Return on Investment in NREPP Youth Substance Abuse Prevention Programs - PowerPoint PPT Presentation

return on investment in nrepp youth substance abuse prevention programs n.
Download
Skip this Video
Loading SlideShow in 5 Seconds..
Return on Investment in NREPP Youth Substance Abuse Prevention Programs PowerPoint Presentation
Download Presentation
Return on Investment in NREPP Youth Substance Abuse Prevention Programs

play fullscreen
1 / 49
Return on Investment in NREPP Youth Substance Abuse Prevention Programs
357 Views
Download Presentation
gerik
Download Presentation

Return on Investment in NREPP Youth Substance Abuse Prevention Programs

- - - - - - - - - - - - - - - - - - - - - - - - - - - E N D - - - - - - - - - - - - - - - - - - - - - - - - - - -
Presentation Transcript

  1. Return on Investment in NREPP Youth Substance Abuse Prevention Programs Ted R Miller, PhD, PIRE

  2. COST EFFECTIVENESS

  3. Walk thru BCA of a typical program • BCAs for NREPP programs • BCAs for DWI & Crime Prevention Programs

  4. Cost-Benefit Analysis of School-based SA Prevention Programs • Looked at a typical school-based program • % of youth 12-14 who delay start-up due to the program • Prevention delays start of substance use by 2 years on average • # youth delaying use • % reduction in substance use

  5. Total cost savings = Cost of use x % reduced • Divide the cost saving benefits by program cost • State & local government savings

  6. 2 Lit Reviews: Mean of Technically Sound Non-Zero Effectiveness Estimates

  7. Assume Effectiveness Drops 25% in Replication

  8. Suppose We Had Universal Prevention Programming in 2002

  9. Equally Large Reductions Would Occur in 2003

  10. What Costs Result from Using? • Illness/Poisoning • Violent Crime • Property Crime • Public Order/Supply Crimes * • Impaired Driving • Other Injury * * Not costed for tobacco

  11. What Costs Result from Using? MONETARY COSTS • Medical • Work Loss • Other Resources (Property Damage/Police) • Quality of Life – Controversial to Put a $ Value On

  12. Total Savings from Universal School-based SA Prevention in 2002, Ages 12-14 (B=Billions of $)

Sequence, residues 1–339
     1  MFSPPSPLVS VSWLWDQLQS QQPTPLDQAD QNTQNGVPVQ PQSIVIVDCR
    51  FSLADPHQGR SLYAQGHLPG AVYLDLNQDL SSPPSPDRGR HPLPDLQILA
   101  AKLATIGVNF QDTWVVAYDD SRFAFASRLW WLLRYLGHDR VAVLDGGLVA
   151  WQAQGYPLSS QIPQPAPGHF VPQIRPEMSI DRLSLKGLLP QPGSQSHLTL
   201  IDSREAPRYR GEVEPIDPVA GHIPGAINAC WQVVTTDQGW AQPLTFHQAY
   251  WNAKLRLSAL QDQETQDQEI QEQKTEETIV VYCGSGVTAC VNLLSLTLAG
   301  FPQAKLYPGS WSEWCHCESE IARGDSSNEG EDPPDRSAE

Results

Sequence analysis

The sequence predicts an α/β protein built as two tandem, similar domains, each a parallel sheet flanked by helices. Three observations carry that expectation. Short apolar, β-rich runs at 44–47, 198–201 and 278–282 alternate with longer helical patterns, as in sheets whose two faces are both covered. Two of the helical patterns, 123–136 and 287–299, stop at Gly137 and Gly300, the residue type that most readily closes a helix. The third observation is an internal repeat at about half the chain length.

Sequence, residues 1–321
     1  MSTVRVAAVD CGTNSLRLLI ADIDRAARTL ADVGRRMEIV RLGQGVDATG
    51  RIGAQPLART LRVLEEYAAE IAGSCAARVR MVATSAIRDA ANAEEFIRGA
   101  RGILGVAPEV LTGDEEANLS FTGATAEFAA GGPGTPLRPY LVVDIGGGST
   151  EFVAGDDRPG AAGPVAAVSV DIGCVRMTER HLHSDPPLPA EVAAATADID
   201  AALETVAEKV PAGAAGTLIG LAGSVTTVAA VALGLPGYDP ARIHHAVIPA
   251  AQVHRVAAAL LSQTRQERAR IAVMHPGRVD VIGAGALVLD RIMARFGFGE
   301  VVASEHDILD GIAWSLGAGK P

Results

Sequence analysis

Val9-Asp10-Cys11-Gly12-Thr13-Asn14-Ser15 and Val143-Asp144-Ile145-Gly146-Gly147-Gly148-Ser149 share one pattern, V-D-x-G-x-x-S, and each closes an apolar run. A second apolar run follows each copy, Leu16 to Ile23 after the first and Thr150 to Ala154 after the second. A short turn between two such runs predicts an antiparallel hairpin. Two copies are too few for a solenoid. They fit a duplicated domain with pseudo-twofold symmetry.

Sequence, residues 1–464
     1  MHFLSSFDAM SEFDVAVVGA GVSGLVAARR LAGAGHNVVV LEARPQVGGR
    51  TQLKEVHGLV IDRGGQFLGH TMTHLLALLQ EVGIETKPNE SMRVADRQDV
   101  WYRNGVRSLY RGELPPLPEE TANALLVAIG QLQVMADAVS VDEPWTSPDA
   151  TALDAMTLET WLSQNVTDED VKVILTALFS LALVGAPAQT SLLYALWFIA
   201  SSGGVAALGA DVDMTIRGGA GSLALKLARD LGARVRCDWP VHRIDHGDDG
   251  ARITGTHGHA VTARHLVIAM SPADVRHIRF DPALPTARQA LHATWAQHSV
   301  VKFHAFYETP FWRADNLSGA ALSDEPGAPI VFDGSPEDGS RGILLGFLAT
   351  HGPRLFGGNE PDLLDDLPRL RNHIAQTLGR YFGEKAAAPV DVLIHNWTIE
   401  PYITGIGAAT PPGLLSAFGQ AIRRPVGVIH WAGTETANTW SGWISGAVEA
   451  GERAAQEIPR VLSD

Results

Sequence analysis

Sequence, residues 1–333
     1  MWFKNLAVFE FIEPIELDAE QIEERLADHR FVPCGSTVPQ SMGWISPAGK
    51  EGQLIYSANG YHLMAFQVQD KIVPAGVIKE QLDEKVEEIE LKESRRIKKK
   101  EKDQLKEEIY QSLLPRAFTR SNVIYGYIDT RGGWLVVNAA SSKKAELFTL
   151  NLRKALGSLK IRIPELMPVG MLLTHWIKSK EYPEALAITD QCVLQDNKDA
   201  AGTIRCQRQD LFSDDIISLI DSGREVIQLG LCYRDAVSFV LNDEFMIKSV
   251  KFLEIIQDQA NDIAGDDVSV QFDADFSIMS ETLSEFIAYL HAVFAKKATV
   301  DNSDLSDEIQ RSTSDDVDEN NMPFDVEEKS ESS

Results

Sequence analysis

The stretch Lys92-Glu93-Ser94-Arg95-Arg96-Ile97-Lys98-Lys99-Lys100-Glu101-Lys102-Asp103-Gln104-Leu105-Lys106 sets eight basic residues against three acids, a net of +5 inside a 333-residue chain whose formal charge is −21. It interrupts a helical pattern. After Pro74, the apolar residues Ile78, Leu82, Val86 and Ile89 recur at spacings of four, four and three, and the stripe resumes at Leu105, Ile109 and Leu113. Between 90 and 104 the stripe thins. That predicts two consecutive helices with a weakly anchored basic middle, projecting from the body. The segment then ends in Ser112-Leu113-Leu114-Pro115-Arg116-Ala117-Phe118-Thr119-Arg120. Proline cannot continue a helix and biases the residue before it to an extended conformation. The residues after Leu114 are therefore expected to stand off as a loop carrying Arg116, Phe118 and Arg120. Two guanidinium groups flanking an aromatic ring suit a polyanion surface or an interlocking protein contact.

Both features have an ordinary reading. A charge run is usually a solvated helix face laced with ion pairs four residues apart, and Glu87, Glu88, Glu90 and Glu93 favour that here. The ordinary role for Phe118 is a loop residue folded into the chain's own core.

13. Program Cost/Pupil • $220 average across 11 programs • Includes training of teachers • Teacher salaries, fringe, & overhead • Program materials

  14. Return on Investment (ROI)

  15. State & Local Government Savings = $1.3 Billion

  16. Effectiveness vs Cost-Effectiveness • % reduction in DWI deaths measures effectiveness • BCR also considers cost • The most effective interventions sometimes have lower returns on investment (measured by BCRs)

  17. BCRs for School-Based Pgms (D=drugs M=marijuana T=tobacco V=violence)

  18. Lower Return on Investment • Project TND (Toward No Drugs) 0%, D • STARS for families 8% binge • Original DARE (not on NREPP) did not work

  19. BCRs for Youth Development Programs (with costs & benefits computed comparably)

  20. CASAstart costs more than it saves • Across Ages – razor-thin savings • Project PATHE (not on NREPP) does not work

  21. Lack Costs for Indicated Programs • Use community referrals extensively • How much use of those services results • What does it cost

  22. BCRs for Other Environmental Interventions (costs & benefits computed comparably)

  23. 21 Minimum Drinking Age • Reduces youth DWI deaths • Reduces youth suicides • Raises age of initiation which lowers the risk of alcoholism in adulthood • Reduces % of youth who drink • Reduces % of youth who binge • Reduces sales & profits

  24. Other Interventions ? • Community mobilization & capacity building: advocacy to change laws, enforcement & norms • Adults work with youth to improve outcomes • Peer-to-peer • Media: social norms • Billboard campaign • Web education/social networking